> former government, taken an early and active part in
> revolution, and continued to the day he was seized with
> illness to discharge the duties of a faithful and
upright patriot in
> the service of his country in general and the county he
> particular. The universal approbation of his character
> among all ranks of people, is the best testimony of his
worth, and as
> it must make his death regretted and lamented, will
> respect to his memory.
> John and Deborah Hart had 12 children: Sarah, Jesse,
> John, Susannah, Mary, Abagail, Edward, Scudder, Daniel
> Only Daniel and Deborah were still minor children
during the war and at
> his death.(end Obituary)
> John Hart died owing money, and due to the shortage of
> depreciation of colonial money, and a glut of land on
the market as
> Loyalist land was confiscated and sold, most of his
property was sold
> for a pittance. His sons later moved to the frontiers,
> married area men.
> I haven't finished the genealogy on his family, and
there might have
> been 13 kids at the house when the British marched
through on their way
> to Philadelphia, but some would have been grandkids.
> though,they didn't go out of their way to 'get him'--
his house was in
> the line of march.
> Morris and Livingston suffered similar
> Similar in that they had the misfortune of holding land
in an area that
> the British were occupying. There were two Morris's, of
> NY'er, Lewis Morris did have to leave his estate in
> [though he rebuilt it after the war]. Philip
Livingston died before the
> British left, but he had written a recent will leaving
> estate to his family.
> The other Morris, Robert, not only *didn't* have his
> confiscated, he and two other signers lived in
Philadelphia while it
> was occupied by the British and were not bothered by
the British or
> If you've gotten this far, you must have more than a
> in the signers, so I'll end with some of the sources
for the NY/NJ
> folks that I've read & can recommend;
> George Washington Letters in the Library of Congress
Documents from the
> Continental Congress and the Constitutional Convention,
> from http://www.loc.gov]
> Boyd, George Adams; _Elias Boudinot, Patriot and
> University Press, 1952 [he was Stockton's brother
in law and the first
> Commissary of Prisons]
> Delafield, Julia Livingston 1801-1882; _Biographies of
> and Morgan Lewis_,Pub. 1877. ^Á ^Á
^Á ^Á ^Á ^Á ^Á ^Á
[Delafield is Francis
> gr-granddaughter -- This is in the NYS Archives in
Albany-- I don't
> know where else]
> DeWan, George; _They Signed for Independence William
Floyd and Francis
> Lewis, the two Long Islanders who took a stand for
> Ferris, Robert G., ed; _Signers of the Declaration:
> Commemorating the Signing of the Declaration of
> Publisher: Washington, DC: National Park Service, 1973
LOC Card #
> 73-600028 Sup. of Doc's USGPO # 2405-00496 [Good-
repeats a couple
> legends, but identifies most as such]
> Goodrich, Rev. Charles A.; _Lives of the Signers to the
> Independence_ ; 1829 [on Colonial Hall Site-
> http://www.colonialhall.org a few legends, but a fair
> Krout, John A.; _Dictionary of American Biography, Vol
XII_ [this one
> has some legends repeated as fact-- use
> Malone, Dumas; _THE STORY OF THE DECLARATION OF
> Oxford University Press, 1954. 250 pictures, prints and
> from museums and private collections. A pictorial
biography of events,
> people and stories surrounding the Declaration of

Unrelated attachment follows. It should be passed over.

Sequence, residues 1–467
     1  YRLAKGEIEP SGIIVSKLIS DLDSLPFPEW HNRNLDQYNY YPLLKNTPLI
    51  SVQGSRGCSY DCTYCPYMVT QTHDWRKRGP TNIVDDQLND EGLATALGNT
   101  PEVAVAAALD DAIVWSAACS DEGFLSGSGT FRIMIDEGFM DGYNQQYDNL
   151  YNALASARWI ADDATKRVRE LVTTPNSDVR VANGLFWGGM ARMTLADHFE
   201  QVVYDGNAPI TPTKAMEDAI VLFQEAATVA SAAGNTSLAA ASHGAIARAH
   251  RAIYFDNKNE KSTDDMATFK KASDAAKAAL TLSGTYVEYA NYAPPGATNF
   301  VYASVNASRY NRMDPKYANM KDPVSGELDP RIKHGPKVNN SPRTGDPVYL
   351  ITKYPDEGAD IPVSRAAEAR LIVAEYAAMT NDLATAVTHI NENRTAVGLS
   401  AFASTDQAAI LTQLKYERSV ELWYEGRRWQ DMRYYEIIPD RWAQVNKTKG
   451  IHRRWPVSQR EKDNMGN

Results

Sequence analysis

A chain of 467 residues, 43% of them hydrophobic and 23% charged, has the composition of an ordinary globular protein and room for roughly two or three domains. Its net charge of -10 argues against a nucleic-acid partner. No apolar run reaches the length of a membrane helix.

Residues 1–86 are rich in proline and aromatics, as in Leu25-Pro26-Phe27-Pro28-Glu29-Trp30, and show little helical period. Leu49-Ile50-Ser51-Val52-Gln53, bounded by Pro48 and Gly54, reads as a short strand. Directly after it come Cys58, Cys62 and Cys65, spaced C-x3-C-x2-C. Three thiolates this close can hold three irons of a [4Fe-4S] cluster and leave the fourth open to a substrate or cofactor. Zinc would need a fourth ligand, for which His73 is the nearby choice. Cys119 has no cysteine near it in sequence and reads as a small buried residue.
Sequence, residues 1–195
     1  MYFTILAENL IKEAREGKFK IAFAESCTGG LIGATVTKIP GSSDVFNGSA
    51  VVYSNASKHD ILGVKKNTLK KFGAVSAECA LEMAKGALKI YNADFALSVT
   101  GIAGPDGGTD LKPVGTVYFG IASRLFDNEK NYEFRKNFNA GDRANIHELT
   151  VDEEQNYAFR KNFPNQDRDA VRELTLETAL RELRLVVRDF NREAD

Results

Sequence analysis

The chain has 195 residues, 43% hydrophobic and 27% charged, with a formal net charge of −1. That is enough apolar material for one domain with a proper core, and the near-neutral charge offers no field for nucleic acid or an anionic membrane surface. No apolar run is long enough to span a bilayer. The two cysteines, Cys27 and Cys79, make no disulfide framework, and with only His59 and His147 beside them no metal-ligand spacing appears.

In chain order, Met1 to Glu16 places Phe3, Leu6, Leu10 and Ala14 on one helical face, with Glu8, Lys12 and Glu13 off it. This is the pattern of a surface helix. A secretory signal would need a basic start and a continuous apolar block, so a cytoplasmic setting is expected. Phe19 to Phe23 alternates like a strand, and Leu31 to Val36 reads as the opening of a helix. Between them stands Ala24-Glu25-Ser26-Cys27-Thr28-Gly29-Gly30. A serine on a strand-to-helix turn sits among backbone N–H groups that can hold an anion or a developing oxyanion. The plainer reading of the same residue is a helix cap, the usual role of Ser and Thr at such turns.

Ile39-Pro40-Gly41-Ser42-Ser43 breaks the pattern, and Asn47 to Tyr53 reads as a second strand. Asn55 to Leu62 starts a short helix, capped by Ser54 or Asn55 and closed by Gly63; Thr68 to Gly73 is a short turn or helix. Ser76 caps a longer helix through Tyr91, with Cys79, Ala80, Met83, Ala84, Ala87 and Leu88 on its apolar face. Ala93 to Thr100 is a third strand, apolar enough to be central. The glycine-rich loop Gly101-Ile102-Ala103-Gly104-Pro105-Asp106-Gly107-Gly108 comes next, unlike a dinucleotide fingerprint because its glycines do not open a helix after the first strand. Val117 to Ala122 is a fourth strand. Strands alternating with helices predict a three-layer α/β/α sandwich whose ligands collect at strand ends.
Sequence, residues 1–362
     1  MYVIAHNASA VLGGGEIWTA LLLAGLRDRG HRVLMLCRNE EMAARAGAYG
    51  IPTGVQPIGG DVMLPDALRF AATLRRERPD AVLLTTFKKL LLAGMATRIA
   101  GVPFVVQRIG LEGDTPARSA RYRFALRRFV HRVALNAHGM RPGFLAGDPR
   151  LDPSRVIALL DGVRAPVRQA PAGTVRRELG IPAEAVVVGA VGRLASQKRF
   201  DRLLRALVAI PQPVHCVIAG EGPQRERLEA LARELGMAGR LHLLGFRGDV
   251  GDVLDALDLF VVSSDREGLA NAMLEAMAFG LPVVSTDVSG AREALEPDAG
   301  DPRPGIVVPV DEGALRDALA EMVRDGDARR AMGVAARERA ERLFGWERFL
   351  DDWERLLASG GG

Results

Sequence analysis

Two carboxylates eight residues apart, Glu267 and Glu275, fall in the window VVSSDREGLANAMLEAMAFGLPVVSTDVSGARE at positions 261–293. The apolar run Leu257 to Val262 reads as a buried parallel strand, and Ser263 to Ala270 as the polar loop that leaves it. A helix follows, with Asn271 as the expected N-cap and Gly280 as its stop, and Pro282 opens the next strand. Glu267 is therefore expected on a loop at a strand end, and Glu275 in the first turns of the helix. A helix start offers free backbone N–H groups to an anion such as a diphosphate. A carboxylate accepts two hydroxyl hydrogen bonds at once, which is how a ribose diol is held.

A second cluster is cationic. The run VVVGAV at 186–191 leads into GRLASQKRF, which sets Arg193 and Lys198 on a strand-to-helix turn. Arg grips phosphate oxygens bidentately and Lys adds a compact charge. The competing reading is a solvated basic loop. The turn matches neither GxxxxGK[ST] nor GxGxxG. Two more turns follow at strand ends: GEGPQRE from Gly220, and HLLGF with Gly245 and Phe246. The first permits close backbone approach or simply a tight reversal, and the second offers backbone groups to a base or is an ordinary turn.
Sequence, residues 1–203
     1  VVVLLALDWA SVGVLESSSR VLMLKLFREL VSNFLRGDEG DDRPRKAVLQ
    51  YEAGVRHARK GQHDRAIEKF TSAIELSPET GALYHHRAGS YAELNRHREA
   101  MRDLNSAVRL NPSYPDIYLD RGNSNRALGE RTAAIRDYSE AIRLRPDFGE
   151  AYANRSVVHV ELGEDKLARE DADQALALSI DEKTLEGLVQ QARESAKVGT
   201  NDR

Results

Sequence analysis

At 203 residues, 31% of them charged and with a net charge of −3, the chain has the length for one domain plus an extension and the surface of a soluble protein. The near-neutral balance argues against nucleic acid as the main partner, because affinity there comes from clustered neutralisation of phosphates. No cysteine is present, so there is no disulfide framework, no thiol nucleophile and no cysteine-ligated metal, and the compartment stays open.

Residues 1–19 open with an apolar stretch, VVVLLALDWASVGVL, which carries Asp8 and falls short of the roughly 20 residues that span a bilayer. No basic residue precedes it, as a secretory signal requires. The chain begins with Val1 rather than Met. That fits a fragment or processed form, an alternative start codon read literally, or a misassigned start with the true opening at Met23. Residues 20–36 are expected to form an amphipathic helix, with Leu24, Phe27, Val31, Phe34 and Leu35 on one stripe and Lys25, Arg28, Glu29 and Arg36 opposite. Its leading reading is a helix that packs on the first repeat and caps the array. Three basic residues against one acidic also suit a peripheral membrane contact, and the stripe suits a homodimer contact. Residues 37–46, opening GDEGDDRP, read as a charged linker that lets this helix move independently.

> pages, index [Excellent- easy read, lots of
> photographs; Malone was a Colombia Univ. professor of
> background of the Declaration is excellent. The bios
> brief. Many legends are repeated *and identified as
> Della Gray Barthelmas _ The Signers of The Declaration
> A Biographical and Genealogical Reference_ McFarland
& Co, North
> Carolina and London;1997 [this one is real
tempting, but has quite a
> few transcription errors and I suspect that much of her
> from unreliable sources. Still a good starting point,
as few of the
> others even look at children or parents]
> Sanderson, John; _Lives of the Signers_ Apr 28, 1820,
> Volumes [subject to a few legends repeated as
> Scudiere, Paul J.; _New York's signers of the
> Independence_ Publisher^Á : Albany : New York
State American Revolution
> Bicentennial Commission, [Only about
30 pages, but accurate as
> far as I can tell and should be easy to find via
> Jim Elbrecht
> Visit Jim's website for more
2. And we have from John Johnson an article whose
prediction time has not proved kindly towards;
Date: Fri, 21 Jul 2000 16:53:43 -0500
From: John Johnson <firstname.lastname@example.org>
Subject: Fwd: Submission
>From: "Freebase" <Freebase@email.msn.com>
>I submit. Here is an column I wrote for SKEW magazine,
which you are welcome
>With the vice-presidential nominee rumor mill churning
at a ferocious pace,
>one name keeps popping up in DNC circles - Evan Bayh. A
>and current Senator, from Indiana, Bayh is a Gore clone.
>The choice of Bayh would do nothing in terms of
diversity for a Democratic
>ticket (surprise!); other than turning out Indiana like
the bitch that it is
>(read: I am a New York Knicks fan) for it's 22 electoral
votes; which itself
>is significant, especially given the fact that the state
has been part of
>the GOP's harem for the past 36 years straight.
>Simply put, a Gore-Bayh ticket presents two jackasses
that not only look
>alike, but are also the son's of famous State
politicians (although Bayh's
>famous father has the dubious distinction of loosing an
election to Dan
>Quayle...yes, that Dan Quayle); both attended that
infamous breeding ground
>for closet homoerotic politicians, St. Albans
Preparatory Academy; and both
>are as exciting as a Mormon social - which, in answer to
all you steaming
>mad, Joseph Smith fearing zombies, I HAVE been to.